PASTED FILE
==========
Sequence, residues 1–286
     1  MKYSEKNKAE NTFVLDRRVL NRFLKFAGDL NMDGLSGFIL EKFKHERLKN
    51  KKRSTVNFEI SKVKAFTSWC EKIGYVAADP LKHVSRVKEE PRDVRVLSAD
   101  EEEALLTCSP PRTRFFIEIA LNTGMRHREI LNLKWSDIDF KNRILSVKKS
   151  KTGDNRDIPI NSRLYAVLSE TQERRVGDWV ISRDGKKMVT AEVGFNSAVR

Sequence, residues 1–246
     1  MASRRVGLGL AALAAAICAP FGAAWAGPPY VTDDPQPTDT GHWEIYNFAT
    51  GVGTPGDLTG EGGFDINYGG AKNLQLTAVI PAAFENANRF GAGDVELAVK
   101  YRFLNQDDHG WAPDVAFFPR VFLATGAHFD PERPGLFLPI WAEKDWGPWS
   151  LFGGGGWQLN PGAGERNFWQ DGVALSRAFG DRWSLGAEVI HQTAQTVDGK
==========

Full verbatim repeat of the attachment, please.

Sequence, residues 1–286
     1  MKYSEKNKAE NTFVLDRRVL NRFLKFAGDL NMDGLSGFIL EKFKHERLKN
    51  KKRSTVNFEI SKVKAFTSWC EKIGYVAADP LKHVSRVKEE PRDVRVLSAD
   101  EEEALLTCSP PRTRFFIEIA LNTGMRHREI LNLKWSDIDF KNRILSVKKS
   151  KTGDNRDIPI NSRLYAVLSE TQERRVGDWV ISRDGKKMVT AEVGFNSAVR

Sequence, residues 1–246
     1  MASRRVGLGL AALAAAICAP FGAAWAGPPY VTDDPQPTDT GHWEIYNFAT
    51  GVGTPGDLTG EGGFDINYGG AKNLQLTAVI PAAFENANRF GAGDVELAVK
   101  YRFLNQDDHG WAPDVAFFPR VFLATGAHFD PERPGLFLPI WAEKDWGPWS
   151  LFGGGGWQLN PGAGERNFWQ DGVALSRAFG DRWSLGAEVI HQTAQTVDGK